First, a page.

Shore Area Residents Protest George Floyd Murder

Around 40 people participated in a rally that took place on the afternoon of May 30 in an intersection along Route 9 in Freehold Township. (Photo by Bob Vosseller)

  FREEHOLD – Howell Township resident Nick Hubner wanted to make a difference and to express his outrage over what happened to George Floyd in Minneapolis. With that thought in mind he contacted a few friends and organized at peaceful protest on May 30.

  The rally, which progressively grew, was held in an intersection of Route 9 in Freehold Township near iPlay America and a Burger King. It ran from 1 to nearly 7 p.m. and drew around 40 people.

  Protests continue across the country over the death of George Floyd, 46, an unarmed black man who died at the hands of a Minneapolis, Minnesota police officer who cut off his air supply with a knee to his throat on May 25. That officer, Derek Chauvin, and three officers were fired a day later after a video of the incident went viral. Chauvin, who is white, was charged with third-degree murder and manslaughter days later. Protestors have been demanding charges for the other officers involved.

Freehold High School student Payton Mckiney holds up the portrait of George Floyd she drew at a peaceful protest held on May 30 at the intersection of Route 9 in Freehold Township. (Photo by Bob Vosseller)

  Protests, many of which included rioting, arson, looting and violence occurred in the days that followed in several large cities. However, there have also been many peaceful protests.

  “Due to the recent event of the murder of George Floyd, we have assembled this peaceful protest to stand in solidarity with the people of Minneapolis, Denver, Louisville, Los Angeles, and anywhere else that has experienced police brutality,” Hubner said.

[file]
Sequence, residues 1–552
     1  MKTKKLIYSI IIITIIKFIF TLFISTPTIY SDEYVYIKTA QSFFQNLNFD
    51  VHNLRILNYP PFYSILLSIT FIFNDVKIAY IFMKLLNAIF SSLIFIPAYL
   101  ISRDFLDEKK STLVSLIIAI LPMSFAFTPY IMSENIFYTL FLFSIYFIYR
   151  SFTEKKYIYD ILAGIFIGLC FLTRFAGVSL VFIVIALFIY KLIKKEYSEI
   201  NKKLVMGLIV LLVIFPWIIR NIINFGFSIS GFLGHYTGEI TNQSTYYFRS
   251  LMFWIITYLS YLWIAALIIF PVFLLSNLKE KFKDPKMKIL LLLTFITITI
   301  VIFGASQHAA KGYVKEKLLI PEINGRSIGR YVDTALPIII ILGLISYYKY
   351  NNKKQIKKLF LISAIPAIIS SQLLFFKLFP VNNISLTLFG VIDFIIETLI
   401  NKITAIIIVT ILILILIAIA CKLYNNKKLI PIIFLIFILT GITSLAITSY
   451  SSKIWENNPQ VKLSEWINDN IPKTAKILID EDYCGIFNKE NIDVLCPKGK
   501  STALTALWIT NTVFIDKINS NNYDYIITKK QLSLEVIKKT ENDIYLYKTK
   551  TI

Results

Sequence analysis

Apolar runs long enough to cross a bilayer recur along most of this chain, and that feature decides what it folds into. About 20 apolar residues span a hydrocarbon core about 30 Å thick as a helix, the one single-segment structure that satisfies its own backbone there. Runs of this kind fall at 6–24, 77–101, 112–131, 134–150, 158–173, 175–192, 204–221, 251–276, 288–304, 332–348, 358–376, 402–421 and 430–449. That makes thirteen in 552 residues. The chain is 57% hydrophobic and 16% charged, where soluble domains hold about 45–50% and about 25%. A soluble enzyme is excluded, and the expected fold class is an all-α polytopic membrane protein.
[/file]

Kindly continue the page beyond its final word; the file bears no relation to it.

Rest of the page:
Hubner who is going into his junior year of college added, “I got tired of seeing what has been going on in the world and tired of seeing people in my community not doing anything about what is going on so I decided it would be good to have a peaceful protest. This is very last minute but all yesterday I was rallying to get people to come and since the virus is still here we still need to social distance so I’ve been setting up places along the sidewalk six feet apart marked with duct tape so we can all peacefully protest and not have to worry about contracting the virus.”

  Gustaveo Lagoes also of Howell, knew Hubner since Middle School. “He contacted me on short notice about setting up a protest.” Lagoes had helped with a similar protest staged at the same location about two years ago.

Howell resident Nick Hubner organized a peaceful protest for George Floyd who died in Minneapolis on May 25 after a police officer cut off his oxygen supply while having his knee to his throat. (Photo by Bob Vosseller)

  “We were getting tired of not taking any action so we decided to come out today and show our support for George Floyd and the Black Lives Matter movement,” Lagoes said.

  A township police officer did briefly stop by and provided a friendly reminder to be careful when entering the crosswalk and intersection for traveling cars. Many honked their horns and cheered in support throughout the afternoon.

  A few of the protestors were hesitant to provide their names for this story. Aisha Battle said that while she and others were wearing their masks for safety reasons and also to protect their identity that “at the end of the day everyone can take their masks off and no one will even know you were here. When I go home, I have no mask. This is who I am every day. I don’t get to go home and take a mask off and act like this never happened.